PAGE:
January 26, 2013

Paternal origins of Chinese cattle

The taurine/indicine north/central vs. south China makes sense. Also of interest, the dominance (within the taurine group) of Y2 over Y1 haplogroup. I had wished for more eastern data points when Edwards et al. was published and it now appears clear that at least in the case of China there is a predominance of the Y2 (southern) haplogroup within the taurine group of patrilineages.

Anim Genet. 2013 Jan 24. doi: 10.1111/age.12022. [Epub ahead of print]

Paternal origins of Chinese cattle.

Li R, Zhang XM, Campana MG, Huang JP, Chang ZH, Qi XB, Shi H, Su B, Zhang RF, Lan XY, Chen H, Lei CZ.

logy, Northwest A&F University, Yangling, Shaanxi, 712100, China. Abstract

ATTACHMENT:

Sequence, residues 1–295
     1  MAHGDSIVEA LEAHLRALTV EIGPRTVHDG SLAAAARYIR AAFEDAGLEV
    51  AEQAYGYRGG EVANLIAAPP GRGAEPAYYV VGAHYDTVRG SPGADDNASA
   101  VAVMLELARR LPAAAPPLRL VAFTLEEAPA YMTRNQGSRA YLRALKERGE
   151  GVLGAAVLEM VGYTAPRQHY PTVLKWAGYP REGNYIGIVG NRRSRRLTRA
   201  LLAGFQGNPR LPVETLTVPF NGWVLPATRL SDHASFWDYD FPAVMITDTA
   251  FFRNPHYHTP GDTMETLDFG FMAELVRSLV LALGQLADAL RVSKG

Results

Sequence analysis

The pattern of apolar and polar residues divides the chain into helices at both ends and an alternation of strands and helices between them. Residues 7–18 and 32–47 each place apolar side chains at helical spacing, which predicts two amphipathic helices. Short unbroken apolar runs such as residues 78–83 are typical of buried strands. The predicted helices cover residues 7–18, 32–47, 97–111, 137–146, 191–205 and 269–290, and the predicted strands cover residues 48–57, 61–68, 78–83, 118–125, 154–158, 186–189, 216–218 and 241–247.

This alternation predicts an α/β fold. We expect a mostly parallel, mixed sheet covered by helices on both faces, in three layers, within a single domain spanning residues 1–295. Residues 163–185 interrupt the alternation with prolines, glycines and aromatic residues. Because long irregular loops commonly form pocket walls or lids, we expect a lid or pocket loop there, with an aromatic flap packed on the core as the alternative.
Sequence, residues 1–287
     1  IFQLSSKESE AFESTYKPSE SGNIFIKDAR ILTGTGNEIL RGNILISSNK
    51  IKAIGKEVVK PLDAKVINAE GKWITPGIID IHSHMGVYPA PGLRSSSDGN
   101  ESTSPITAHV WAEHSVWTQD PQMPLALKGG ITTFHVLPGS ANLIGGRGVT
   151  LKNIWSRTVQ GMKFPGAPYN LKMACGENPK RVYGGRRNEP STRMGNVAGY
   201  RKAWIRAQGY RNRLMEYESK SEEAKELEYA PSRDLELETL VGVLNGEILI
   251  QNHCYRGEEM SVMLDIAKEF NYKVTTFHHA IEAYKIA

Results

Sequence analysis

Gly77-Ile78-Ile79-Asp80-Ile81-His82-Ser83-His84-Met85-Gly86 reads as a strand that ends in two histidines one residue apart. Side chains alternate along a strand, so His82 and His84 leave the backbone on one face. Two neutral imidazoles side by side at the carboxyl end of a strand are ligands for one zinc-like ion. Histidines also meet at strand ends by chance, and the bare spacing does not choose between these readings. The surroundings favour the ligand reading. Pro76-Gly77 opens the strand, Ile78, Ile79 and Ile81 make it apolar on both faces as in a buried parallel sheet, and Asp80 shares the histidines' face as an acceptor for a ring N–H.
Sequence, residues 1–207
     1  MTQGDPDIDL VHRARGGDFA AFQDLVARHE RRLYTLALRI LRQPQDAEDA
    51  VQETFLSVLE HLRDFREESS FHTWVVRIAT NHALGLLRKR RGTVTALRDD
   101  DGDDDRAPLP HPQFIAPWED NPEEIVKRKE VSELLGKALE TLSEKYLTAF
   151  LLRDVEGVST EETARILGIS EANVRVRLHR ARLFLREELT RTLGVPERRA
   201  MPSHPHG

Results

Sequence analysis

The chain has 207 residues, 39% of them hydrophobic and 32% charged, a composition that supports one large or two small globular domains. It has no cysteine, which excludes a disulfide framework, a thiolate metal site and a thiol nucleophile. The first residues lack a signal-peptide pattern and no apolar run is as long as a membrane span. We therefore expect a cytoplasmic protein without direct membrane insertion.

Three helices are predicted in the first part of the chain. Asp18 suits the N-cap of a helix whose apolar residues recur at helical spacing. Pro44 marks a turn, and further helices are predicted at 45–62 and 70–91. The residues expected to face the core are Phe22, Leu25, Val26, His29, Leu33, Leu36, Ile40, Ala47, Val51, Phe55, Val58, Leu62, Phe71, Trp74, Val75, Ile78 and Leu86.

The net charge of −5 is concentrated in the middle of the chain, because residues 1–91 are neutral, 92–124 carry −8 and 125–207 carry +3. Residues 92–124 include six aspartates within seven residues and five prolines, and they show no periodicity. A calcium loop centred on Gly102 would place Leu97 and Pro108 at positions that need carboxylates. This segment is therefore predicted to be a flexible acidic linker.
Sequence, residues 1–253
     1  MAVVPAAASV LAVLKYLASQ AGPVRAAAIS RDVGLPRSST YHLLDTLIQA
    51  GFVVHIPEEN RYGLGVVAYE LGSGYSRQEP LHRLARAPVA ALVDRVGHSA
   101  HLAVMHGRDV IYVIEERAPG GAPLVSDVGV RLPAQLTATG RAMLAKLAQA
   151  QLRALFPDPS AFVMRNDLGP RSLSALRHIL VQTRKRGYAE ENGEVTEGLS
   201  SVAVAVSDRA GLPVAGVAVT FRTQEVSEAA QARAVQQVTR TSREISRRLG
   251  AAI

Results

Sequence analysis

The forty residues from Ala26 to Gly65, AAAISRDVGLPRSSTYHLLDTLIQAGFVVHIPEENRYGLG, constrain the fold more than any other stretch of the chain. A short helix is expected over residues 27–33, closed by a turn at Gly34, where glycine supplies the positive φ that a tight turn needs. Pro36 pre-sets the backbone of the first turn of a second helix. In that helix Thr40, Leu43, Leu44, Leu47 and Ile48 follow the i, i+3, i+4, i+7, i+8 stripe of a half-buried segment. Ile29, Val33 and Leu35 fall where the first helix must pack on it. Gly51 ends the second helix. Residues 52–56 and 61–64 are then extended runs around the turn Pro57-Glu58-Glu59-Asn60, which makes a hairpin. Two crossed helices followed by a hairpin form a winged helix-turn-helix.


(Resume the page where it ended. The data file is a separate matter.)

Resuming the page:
To determine the genetic diversity and paternal origin of Chinese cattle, 302 males from 16 Chinese native cattle breeds as well as 30 Holstein males and four Burma males as controls were analysed using four Y-SNPs and two Y-STRs. In Chinese bulls, the taurine Y1 and Y2 haplogroups and indicine Y3 haplogroup were detected in seven, 172 and 123 individuals respectively, and these frequencies varied among the Chinese cattle breeds examined. Y2 dominates in northern China (91.4%), and Y3 dominates in southern China (90.8%). Central China is an admixture zone, although Y2 predominates overall (72.0%). The geographical distributions of the Y2 and Y3 haplogroup frequencies revealed a pattern of male indicine introgression from south to north China. The three Y haplogroups were further classified into one Y1 haplotype, five Y2 haplotypes and one Y3 haplotype in Chinese native bulls. Due to the interplay between taurine and indicine types, Chinese cattle represent an extensive reservoir of genetic diversity. The Y haplotype distribution of Chinese cattle exhibited a clear geographical structure, which is consistent with mtDNA, historical and geographical information.


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